Bossa nova makes its way into jazz concert

May 6, 2013 Community Print Print

Some call it the dance of love. Others think of it as easy-listening music.

No matter the label, the bossa nova sound will permeate the atmosphere in the Bruce Owen Theater on campus Thursday, May 9.

The second jazz concert of the semester will feature this Brazilian sound when musicians take the stage at 7:30 p.m. Music Professor Michael Boyle will conduct the concert, comprised of three OCCC music majors.

The concert will feature bossa nova classics from the 1920s, ’30s, ’60s, as well as a new song from the 1990s.

Brazilian music on the program includes “Garota do Ipanema” (“The Girl from Ipanema”), and “Preciza Dizer te Amo” (“I Must Say That I Love You”).

Boyle said he picked these particular songs to reflect the addition of a new band member.

“His sound reminds me [a little] of Stan Getz, a famous American jazz saxophone player who ‘discovered’ and popularized bossa nova for us Norte Americanos.”

The three performers will be Stanley Hall on tenor saxophone, Zach Lebo on bass and Jared Bross on guitar.

Hall has played jazz music for eight years, but this is his first semester in the OCCC jazz band, Boyle said. Lebo is a third-year veteran, and Bross joined the band last semester.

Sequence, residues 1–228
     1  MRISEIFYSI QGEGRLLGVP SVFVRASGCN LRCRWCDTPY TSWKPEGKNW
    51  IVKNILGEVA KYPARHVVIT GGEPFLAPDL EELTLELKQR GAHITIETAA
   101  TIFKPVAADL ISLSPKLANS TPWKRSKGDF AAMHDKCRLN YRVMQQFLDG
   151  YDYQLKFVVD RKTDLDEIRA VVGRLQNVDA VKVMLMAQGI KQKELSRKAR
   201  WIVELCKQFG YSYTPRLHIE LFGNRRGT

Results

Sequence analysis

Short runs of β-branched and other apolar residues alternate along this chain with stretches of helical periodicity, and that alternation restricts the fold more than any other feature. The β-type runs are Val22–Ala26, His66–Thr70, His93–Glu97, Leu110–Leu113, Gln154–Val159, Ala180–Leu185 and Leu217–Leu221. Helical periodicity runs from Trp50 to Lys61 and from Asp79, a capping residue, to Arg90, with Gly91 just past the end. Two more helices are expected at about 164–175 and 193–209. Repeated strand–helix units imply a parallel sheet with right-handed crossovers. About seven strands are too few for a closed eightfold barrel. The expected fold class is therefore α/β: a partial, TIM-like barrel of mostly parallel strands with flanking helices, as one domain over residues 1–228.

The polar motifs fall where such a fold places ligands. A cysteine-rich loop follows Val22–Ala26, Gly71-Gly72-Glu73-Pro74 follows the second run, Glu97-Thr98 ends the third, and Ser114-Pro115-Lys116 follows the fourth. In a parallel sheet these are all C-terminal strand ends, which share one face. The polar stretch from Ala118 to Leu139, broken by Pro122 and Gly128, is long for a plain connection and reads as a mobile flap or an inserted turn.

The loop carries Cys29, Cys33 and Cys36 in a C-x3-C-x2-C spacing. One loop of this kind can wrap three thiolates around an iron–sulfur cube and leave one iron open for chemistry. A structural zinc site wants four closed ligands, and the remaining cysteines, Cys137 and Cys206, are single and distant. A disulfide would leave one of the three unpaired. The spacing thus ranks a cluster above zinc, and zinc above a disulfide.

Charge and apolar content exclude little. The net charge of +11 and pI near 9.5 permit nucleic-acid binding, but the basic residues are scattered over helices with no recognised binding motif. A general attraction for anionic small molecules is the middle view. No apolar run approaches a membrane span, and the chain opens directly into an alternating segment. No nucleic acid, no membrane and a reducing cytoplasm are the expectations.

“Jazz has many genres,” Hall said. “But we will be playing bossa nova music. This is typically background jazz music that can be heard in elevators.”

This genre of music will be catchy and may be familiar to many.

Boyle summed up jazz in a couple of sentences.

“Jazz differs from nearly all other forms of Western music in that it features extensive use of improvisation,” he said. “While we expect Beethoven’s Fifth Symphony to sound exactly the same every time, we expect jazz to sound different every time.

“That’s one of the things that I love about jazz; the interactive nature and the interplay between musicians.”

Boyle said he has a passion for the jazz band because he has grown up playing jazz. He began playing jazz music in 1975 when he was in ninth grade.

“Teaching is a way to pass it on to the students,” he said.

The show is free to everyone.

For more information, contact Boyle at

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